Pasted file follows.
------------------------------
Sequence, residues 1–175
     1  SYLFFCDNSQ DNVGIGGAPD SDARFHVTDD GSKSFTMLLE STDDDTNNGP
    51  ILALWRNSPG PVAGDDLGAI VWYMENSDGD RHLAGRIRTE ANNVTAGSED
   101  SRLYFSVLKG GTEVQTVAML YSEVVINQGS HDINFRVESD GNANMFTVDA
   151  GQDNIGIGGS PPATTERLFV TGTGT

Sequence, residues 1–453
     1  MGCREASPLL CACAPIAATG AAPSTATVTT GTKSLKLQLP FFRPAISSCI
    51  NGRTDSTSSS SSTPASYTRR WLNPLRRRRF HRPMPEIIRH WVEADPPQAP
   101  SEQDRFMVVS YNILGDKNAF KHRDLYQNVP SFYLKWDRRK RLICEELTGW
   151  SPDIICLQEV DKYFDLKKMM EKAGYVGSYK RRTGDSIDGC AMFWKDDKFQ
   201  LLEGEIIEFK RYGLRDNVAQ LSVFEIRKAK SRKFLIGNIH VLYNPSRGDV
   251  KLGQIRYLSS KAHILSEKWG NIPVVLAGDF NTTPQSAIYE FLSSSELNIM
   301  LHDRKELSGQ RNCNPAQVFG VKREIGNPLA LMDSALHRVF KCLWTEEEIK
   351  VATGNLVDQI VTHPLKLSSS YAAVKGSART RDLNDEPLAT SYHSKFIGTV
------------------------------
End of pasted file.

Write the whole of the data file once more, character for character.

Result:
Sequence, residues 1–175
     1  SYLFFCDNSQ DNVGIGGAPD SDARFHVTDD GSKSFTMLLE STDDDTNNGP
    51  ILALWRNSPG PVAGDDLGAI VWYMENSDGD RHLAGRIRTE ANNVTAGSED
   101  SRLYFSVLKG GTEVQTVAML YSEVVINQGS HDINFRVESD GNANMFTVDA
   151  GQDNIGIGGS PPATTERLFV TGTGT

Sequence, residues 1–453
     1  MGCREASPLL CACAPIAATG AAPSTATVTT GTKSLKLQLP FFRPAISSCI
    51  NGRTDSTSSS SSTPASYTRR WLNPLRRRRF HRPMPEIIRH WVEADPPQAP
   101  SEQDRFMVVS YNILGDKNAF KHRDLYQNVP SFYLKWDRRK RLICEELTGW
   151  SPDIICLQEV DKYFDLKKMM EKAGYVGSYK RRTGDSIDGC AMFWKDDKFQ
   201  LLEGEIIEFK RYGLRDNVAQ LSVFEIRKAK SRKFLIGNIH VLYNPSRGDV
   251  KLGQIRYLSS KAHILSEKWG NIPVVLAGDF NTTPQSAIYE FLSSSELNIM
   301  LHDRKELSGQ RNCNPAQVFG VKREIGNPLA LMDSALHRVF KCLWTEEEIK
   351  VATGNLVDQI VTHPLKLSSS YAAVKGSART RDLNDEPLAT SYHSKFIGTV